Secondly, the parenthetical remark found in verse 5 actually supports the amillennial interpretation. John writes, “The rest of the dead did not come to life until the 1,000 years had come to an end.” The premillennial reading is: “The dead referred to in verses 4-5 come to life bodily at the beginning of the Millennium and reign with Christ for 1,000 years. The rest of the dead will not come to life bodily until the 1,000 years are over.” The amillennial reading is: “The dead are divisible into two groups: the dead whose souls John is seeing in Heaven, and the rest of the dead whose souls are still in Hades. The former come to life spiritually at the moment of their death, but not yet bodily (Rev. 20:13). The latter will never come to life spiritually, but will indeed come to life bodily, but only to be thrown into the Lake of Fire.” The evidences previously cited, together with the eschatology of the DNT, strongly favor the amillennial view.

Thirdly, we have John’s remark found in verse 6: “Blessed and holy is he who shares in the first resurrection: over these the second death holds no sway.” This is a glorious promise, given to conscientious saints struggling to pass all tests and resist all temptations so that they may complete their earthly pilgrimage victoriously. But if, as premillennarians assert, the first resurrection is bodily, then this promise, far from being a blessing, opens a door to all manner of doubts and fears. Henceforth, premillennarians are left to wonder: “When I die and my soul enters Heaven, will it still be in danger? Must I still take tests and wrestle with temptations? Might I yet apostatize? Do I really have to wait until the Lord’s return and the resurrection of my body before I can rest assured that the second death will hold no sway over me?”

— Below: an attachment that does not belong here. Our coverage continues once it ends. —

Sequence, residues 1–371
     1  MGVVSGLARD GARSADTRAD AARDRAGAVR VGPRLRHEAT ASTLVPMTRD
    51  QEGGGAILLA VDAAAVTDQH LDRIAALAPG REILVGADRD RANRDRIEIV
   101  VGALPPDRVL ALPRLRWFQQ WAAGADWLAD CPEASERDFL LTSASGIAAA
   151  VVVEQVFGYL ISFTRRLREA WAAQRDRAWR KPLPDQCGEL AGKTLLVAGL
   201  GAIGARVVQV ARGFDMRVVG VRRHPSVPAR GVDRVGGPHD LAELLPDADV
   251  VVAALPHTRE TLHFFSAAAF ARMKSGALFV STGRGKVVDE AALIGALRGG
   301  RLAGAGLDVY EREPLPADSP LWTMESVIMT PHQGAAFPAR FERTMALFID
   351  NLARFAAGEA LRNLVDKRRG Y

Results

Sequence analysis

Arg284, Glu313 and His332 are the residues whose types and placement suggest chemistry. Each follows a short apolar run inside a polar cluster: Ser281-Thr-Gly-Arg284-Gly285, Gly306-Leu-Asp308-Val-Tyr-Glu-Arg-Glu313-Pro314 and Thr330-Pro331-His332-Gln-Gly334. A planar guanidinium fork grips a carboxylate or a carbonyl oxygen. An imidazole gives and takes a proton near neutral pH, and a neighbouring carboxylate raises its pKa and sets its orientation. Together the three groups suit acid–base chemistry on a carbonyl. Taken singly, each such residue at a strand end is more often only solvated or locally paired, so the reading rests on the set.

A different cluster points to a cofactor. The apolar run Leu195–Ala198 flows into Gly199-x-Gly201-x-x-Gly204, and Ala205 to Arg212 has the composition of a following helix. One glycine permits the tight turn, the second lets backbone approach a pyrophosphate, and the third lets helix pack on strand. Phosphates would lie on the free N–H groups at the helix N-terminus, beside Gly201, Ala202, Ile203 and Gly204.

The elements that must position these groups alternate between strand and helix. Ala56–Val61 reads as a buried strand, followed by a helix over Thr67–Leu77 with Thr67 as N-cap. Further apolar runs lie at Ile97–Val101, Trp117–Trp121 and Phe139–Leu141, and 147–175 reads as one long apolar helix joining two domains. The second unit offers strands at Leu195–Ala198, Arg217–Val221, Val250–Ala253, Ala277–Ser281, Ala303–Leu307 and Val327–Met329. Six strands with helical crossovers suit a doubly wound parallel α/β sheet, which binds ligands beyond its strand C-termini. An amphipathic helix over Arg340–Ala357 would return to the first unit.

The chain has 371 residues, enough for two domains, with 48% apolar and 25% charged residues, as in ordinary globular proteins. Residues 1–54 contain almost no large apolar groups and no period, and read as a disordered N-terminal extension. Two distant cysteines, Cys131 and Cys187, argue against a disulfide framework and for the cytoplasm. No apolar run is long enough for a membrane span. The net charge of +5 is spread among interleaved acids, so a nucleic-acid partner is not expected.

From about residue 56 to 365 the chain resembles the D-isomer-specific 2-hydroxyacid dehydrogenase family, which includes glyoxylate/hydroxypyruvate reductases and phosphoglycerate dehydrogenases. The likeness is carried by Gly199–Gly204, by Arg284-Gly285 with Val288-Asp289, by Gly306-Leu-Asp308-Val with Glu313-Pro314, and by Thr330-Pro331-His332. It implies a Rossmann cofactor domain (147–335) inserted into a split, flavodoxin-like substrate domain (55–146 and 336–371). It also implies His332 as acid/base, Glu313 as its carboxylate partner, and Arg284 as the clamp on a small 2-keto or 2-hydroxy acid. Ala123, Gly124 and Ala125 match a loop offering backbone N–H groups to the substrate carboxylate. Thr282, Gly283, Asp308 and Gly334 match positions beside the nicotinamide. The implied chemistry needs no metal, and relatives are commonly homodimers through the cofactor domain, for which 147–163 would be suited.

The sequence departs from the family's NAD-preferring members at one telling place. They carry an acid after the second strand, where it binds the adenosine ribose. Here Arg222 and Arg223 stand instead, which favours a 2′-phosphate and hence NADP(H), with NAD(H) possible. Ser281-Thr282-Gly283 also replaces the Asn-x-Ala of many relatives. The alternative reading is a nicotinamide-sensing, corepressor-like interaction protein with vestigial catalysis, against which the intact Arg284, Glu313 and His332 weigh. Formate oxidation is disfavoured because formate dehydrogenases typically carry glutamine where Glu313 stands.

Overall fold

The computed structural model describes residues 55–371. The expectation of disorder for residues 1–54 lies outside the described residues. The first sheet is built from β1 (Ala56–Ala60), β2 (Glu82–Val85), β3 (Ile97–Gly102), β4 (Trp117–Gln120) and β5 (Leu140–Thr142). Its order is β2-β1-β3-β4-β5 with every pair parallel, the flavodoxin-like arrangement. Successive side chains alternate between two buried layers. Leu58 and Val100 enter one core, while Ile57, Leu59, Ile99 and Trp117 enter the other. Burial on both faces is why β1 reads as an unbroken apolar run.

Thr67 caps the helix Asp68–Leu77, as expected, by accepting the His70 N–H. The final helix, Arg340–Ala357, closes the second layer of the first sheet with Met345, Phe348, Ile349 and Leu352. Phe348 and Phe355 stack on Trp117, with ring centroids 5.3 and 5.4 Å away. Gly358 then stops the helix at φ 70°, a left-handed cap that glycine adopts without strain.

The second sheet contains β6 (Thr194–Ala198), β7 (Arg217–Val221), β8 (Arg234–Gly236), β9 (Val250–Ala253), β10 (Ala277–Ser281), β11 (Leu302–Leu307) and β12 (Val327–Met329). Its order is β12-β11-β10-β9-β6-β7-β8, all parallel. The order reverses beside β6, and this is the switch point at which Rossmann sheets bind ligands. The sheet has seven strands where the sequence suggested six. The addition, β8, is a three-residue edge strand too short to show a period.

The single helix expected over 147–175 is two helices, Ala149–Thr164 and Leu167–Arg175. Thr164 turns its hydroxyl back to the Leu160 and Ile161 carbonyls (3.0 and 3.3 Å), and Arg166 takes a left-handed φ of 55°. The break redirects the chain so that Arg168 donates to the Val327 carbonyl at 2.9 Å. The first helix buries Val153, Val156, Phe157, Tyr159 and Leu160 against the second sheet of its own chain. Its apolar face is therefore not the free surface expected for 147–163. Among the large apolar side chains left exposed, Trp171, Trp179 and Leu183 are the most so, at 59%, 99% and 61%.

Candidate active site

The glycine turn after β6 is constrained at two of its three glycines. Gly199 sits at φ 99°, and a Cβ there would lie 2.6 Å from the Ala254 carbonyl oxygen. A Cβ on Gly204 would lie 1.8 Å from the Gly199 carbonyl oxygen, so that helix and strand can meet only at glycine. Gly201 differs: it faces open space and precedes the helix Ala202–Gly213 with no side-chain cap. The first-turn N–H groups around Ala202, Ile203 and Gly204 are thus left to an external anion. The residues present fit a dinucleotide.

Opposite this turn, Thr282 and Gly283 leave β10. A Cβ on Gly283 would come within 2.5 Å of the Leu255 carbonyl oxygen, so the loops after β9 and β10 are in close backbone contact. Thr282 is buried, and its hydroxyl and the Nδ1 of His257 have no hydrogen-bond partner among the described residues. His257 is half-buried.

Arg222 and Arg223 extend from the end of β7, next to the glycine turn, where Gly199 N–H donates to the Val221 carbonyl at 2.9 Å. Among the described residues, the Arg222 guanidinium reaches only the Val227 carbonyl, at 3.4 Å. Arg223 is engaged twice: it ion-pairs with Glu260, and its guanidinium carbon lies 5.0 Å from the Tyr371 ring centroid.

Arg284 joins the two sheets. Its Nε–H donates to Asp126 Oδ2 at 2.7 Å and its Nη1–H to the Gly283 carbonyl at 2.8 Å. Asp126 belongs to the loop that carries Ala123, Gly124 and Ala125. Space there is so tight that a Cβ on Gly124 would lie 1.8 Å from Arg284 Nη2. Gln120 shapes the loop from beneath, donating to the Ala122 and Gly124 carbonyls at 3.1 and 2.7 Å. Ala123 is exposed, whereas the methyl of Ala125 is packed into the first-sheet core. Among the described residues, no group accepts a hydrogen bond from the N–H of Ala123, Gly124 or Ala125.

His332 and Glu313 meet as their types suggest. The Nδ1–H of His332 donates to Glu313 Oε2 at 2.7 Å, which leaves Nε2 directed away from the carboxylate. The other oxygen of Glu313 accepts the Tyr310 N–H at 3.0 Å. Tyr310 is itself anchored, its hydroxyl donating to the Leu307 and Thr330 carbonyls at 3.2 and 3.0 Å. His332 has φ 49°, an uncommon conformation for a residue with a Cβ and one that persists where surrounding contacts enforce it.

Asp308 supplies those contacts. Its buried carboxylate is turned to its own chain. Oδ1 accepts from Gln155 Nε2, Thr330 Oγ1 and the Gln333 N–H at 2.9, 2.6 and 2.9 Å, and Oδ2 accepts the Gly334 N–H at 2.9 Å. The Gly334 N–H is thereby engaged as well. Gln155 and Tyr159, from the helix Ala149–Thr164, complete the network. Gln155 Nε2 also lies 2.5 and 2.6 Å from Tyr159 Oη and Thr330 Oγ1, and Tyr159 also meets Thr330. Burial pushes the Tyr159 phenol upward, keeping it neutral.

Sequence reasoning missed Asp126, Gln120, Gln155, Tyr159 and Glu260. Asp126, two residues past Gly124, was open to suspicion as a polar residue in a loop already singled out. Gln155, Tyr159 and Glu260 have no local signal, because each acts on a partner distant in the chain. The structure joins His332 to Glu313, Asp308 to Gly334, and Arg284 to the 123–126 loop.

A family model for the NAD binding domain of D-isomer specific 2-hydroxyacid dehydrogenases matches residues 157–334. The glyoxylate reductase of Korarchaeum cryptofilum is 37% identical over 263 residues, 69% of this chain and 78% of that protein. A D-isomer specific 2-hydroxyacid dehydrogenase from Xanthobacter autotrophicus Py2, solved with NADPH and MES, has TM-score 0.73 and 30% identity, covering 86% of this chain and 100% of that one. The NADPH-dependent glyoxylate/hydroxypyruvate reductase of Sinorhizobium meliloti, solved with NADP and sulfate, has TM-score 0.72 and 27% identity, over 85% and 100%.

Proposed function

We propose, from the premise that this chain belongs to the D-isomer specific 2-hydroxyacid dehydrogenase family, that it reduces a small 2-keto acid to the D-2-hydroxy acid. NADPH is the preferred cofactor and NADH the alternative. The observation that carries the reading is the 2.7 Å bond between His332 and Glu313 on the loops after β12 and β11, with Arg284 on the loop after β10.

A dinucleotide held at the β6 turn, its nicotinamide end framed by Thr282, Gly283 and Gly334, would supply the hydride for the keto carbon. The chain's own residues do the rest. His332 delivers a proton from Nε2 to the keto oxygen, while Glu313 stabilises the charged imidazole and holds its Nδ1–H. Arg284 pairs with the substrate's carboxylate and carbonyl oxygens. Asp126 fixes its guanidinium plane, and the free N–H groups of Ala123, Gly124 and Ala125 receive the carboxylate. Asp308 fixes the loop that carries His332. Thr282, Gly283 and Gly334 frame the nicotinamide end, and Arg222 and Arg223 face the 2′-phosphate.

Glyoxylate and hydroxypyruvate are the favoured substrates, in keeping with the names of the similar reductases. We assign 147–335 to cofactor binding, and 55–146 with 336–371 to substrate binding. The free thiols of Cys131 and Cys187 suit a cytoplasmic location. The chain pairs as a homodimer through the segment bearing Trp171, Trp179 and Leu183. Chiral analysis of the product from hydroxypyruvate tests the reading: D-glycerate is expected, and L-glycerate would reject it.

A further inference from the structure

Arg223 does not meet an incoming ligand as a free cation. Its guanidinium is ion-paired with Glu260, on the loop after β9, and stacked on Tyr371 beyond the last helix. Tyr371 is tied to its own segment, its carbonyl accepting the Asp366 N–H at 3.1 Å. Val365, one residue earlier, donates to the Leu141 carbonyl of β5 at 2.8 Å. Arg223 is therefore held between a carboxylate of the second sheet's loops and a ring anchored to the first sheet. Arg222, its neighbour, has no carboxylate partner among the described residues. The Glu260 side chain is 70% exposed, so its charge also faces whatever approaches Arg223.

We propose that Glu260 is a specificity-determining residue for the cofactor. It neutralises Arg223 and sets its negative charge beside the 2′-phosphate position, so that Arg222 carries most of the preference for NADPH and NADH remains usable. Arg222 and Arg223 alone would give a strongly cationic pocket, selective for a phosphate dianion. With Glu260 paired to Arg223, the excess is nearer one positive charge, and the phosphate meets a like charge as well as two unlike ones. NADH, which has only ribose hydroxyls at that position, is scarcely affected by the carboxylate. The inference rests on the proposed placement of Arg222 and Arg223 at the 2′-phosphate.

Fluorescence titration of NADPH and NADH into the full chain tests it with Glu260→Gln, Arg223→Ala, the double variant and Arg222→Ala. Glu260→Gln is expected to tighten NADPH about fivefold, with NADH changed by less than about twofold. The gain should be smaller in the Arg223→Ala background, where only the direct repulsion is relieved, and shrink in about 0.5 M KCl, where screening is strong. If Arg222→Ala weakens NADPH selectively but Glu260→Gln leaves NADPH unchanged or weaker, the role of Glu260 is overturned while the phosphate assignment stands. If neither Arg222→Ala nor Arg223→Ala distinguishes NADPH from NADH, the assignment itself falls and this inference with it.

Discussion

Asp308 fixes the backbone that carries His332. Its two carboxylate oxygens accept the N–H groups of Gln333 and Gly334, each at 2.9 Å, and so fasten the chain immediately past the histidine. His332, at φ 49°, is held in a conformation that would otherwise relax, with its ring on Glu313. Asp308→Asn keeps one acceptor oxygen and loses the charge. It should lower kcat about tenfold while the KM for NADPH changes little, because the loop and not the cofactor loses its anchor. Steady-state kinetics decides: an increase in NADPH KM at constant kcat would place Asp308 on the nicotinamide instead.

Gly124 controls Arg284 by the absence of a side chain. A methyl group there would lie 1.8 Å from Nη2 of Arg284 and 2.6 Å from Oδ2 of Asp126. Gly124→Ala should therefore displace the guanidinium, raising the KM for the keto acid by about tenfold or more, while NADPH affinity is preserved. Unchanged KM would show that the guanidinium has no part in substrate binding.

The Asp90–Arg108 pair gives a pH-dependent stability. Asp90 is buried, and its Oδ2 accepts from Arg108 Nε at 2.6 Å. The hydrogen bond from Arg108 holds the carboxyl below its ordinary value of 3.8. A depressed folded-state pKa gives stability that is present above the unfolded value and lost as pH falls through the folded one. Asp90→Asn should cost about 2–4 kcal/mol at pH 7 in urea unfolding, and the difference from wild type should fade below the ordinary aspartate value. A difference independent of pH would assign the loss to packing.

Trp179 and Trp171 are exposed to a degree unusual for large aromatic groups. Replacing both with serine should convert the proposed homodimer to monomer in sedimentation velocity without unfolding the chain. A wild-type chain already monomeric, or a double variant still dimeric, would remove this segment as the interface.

“God forbid!” cries the amillennarian. “The first resurrection is not bodily, but spiritual. It is the holy moment when you transition from earthly life to the Intermediate State. It is the triumphant conclusion of your Gospel probation upon the earth. Henceforth you will be perfectly holy in spirit. Henceforth you can never fall away from God. Henceforth the second death has no authority over you, as indeed it would if, while still living upon the earth, you fell into temptation and denied your Lord (2 Tim. 2:12); which, by the way, is something that the Good Shepherd will never let one of his true sheep do (John 10:27-29)!”

We find, then, that verse 6 powerfully illumines the true meaning of the saints’ “coming to life” and “the first resurrection.” These picturesque expressions speak of their souls’ victorious entrance upon the glories of the Intermediate State.

It remains to ask, however, why the Holy Spirit would use the same Greek word (ezesan) to describe two different kinds of coming to life: two different kinds of resurrection. The answer, I believe, is found in the progress of biblical revelation concerning the Intermediate State, and in the prophetic purpose of the Revelation.